The Tisbury School Building Committee should have sent its architectural firm, Tappé, back to the drawing board after renderings were recently unveiled for an addition and renovation of the West William Street building.
Instead, with little or no feedback from school families or taxpayers, because it’s difficult to get them engaged in Zoom meetings and what feels like a rush to get the final plans to voters, they’ve plowed ahead with the understanding that the designs could be tweaked moving forward. It’s a recipe for another failed vote, and more years in a building that’s not suitable to house students and staff.
Let’s start with what they’re calling the “administrative wing,” an addition where the new main entrance to the school would be located. It looks like if you put snow on it, it could be used as a ramp for an X Games snowboarding competition. In other words, the slanted roof in no way fits in with the existing school building.
“It does seem like a section of the building we haven’t talked about much,” Peter Gerheart, an architect representative on the committee, said, striking a diplomatic tone during the committee’s last meeting. “I think architecturally, I would have a number of issues with a number of pieces of it. But if the group wants to move forward, I’d be OK with that.”
When the member of the committee appointed specifically to review the architecture is saying he’d “be more comfortable if we had more time to work on some of them” — that’s not good. “I guess I just don’t really know what the urgency is at this point, outside of the original schedule, which I think was supposed to wrap up by now, or at least look to a special town meeting in the fall. I don’t know how many chances the town is going to get to do this,” Gearhart said.
Despite those comments, no one hit the pause button, and in fact, chairman Harold Chapdelaine pushed for a vote. It all has the feel of putting the cart before the horse.
Earlier, an open bridge designed over the cafeteria was discussed. Rachel Orr called it an “attractive nuisance,” and Reade Milne raised concerns about what students might do on that bridge, such as throwing things off the edge toward the cafeteria below. These types of things are never a good idea in a school setting.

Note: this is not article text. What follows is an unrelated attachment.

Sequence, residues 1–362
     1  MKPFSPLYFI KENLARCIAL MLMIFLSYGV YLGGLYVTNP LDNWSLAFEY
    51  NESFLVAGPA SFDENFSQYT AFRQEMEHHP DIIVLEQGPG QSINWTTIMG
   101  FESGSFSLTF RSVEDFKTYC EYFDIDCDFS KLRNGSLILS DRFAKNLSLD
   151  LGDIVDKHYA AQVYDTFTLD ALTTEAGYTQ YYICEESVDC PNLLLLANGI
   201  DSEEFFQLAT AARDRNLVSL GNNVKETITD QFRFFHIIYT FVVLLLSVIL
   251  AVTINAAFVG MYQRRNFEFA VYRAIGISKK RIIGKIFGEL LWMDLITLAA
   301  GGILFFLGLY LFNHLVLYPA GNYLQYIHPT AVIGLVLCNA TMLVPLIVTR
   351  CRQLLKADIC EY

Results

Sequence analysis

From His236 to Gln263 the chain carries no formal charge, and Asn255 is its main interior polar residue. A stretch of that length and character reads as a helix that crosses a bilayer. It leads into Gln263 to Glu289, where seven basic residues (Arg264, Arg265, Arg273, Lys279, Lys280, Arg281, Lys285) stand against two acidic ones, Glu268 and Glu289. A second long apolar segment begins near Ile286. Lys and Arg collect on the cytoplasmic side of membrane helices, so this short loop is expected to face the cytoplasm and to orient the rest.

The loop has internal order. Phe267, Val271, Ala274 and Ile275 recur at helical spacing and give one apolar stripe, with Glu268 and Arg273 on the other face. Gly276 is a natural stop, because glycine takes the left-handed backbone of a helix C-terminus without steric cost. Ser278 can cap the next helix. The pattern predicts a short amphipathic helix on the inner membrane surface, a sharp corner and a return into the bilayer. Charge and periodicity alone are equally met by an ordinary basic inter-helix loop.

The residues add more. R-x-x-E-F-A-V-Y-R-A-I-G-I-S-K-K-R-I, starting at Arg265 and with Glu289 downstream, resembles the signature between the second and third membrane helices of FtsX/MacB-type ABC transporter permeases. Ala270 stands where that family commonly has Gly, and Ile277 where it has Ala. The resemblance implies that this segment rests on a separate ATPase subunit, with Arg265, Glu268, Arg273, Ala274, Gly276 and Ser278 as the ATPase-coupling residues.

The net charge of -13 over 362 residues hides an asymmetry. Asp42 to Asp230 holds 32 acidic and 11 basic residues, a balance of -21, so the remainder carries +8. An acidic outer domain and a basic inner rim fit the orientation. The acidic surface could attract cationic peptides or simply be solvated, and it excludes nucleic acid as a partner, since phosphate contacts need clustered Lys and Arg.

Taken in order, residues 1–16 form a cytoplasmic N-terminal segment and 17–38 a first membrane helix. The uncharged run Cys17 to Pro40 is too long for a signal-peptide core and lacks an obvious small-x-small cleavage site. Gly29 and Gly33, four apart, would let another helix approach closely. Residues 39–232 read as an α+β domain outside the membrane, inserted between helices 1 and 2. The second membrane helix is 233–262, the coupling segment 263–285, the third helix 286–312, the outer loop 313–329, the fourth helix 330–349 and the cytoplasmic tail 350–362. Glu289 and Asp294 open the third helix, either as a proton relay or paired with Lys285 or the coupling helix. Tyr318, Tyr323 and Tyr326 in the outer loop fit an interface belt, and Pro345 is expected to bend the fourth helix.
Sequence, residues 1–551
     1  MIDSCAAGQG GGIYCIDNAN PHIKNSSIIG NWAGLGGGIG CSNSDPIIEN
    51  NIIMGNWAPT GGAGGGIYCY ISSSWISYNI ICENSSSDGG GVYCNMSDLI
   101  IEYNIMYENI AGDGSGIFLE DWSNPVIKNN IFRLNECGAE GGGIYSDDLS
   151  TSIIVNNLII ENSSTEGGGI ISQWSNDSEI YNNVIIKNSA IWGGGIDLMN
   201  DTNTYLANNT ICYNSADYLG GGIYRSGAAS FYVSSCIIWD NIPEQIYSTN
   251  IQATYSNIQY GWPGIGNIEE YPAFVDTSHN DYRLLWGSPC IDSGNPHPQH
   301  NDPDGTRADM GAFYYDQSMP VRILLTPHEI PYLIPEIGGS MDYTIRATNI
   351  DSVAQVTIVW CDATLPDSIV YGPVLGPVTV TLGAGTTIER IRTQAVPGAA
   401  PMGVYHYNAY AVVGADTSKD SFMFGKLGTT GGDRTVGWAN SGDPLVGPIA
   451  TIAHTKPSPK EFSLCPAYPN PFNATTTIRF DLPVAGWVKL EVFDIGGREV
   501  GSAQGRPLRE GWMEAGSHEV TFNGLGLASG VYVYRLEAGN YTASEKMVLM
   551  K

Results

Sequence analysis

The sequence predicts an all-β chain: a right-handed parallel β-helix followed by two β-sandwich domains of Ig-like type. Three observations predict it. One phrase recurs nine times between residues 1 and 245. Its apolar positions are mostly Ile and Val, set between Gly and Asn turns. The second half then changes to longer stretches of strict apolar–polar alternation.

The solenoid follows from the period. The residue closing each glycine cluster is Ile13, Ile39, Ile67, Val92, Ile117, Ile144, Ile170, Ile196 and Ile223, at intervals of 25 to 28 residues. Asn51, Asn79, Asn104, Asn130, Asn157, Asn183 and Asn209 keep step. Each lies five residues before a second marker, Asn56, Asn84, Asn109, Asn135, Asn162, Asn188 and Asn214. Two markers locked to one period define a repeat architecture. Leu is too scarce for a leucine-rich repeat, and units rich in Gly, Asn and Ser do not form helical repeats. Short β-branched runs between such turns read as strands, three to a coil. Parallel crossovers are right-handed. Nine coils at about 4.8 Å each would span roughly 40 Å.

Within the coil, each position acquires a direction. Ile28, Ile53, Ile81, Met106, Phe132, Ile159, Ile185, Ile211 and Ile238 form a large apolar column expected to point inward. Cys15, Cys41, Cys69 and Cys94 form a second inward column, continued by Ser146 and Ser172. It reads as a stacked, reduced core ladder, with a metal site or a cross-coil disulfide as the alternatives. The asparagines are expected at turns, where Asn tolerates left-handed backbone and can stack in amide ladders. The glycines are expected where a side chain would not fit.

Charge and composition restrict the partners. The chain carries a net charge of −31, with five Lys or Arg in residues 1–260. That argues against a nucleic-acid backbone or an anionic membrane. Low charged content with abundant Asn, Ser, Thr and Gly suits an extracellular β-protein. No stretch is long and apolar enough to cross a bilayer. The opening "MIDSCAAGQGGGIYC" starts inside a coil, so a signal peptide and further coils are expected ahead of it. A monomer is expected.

Beyond the designs and their need for tweaks, we wonder who is the voice of reason on this committee and project. The board voted 8-0 to press ahead, despite the reservations expressed by Gearhart, Milne, and Orr. Orr abstained, citing the lack of time to review the renderings.
Two years ago, voters rejected a $46.6 million new school project that came with a $14 million reimbursement from the Massachusetts School Building Authority and a lot more community input — in part because that building committee wasn’t dealing with an ongoing pandemic, and despite public pleas, few others have joined Zoom or used the opportunity to make comments during the meetings.
The option on the table now has been estimated at $56.7 million, though Tappé is working up more concrete numbers in the next few weeks. And thus far, there is zero money from the state or anyone else to help foot the bill. The select board has authorized town administrator Jay Grande to discuss ways to fund the project and grant opportunities with a financial consultant. If there has been anything remotely fruitful from those discussions, Grande hasn’t made them public, and up until two weeks ago, he didn’t even have the town’s finance director involved in those talks.
We still have a dream that school officials will find a new location where they can build a school, and turn the Tisbury School into much-needed housing. Renovating old school buildings into apartments is something that’s been done successfully in Bourne, where the Coady School now has 58 one- and two-bedroom apartments overlooking the Cape Cod Canal for residents 55 and older. In Sandwich, the town has entered into an agreement with a developer to create 43 apartments for seniors from the former Henry T. Wing School, according to the Sandwich Enterprise.
Housing for older folks looking to downsize, but stay on the Island, is in short supply. This would be an ideal spot for such a public-private partnership, because of its proximity to the town center, the senior center, and the business district on State Road.
Perhaps the Tisbury School building committee can rally support for this project over the next several weeks as it holds in-person community forums and tweaks the designs, and the select board announces its ideas on ways to ease the burden on property taxpayers.
We have our doubts anyone is going to get overly excited about the look of the building or its price tag.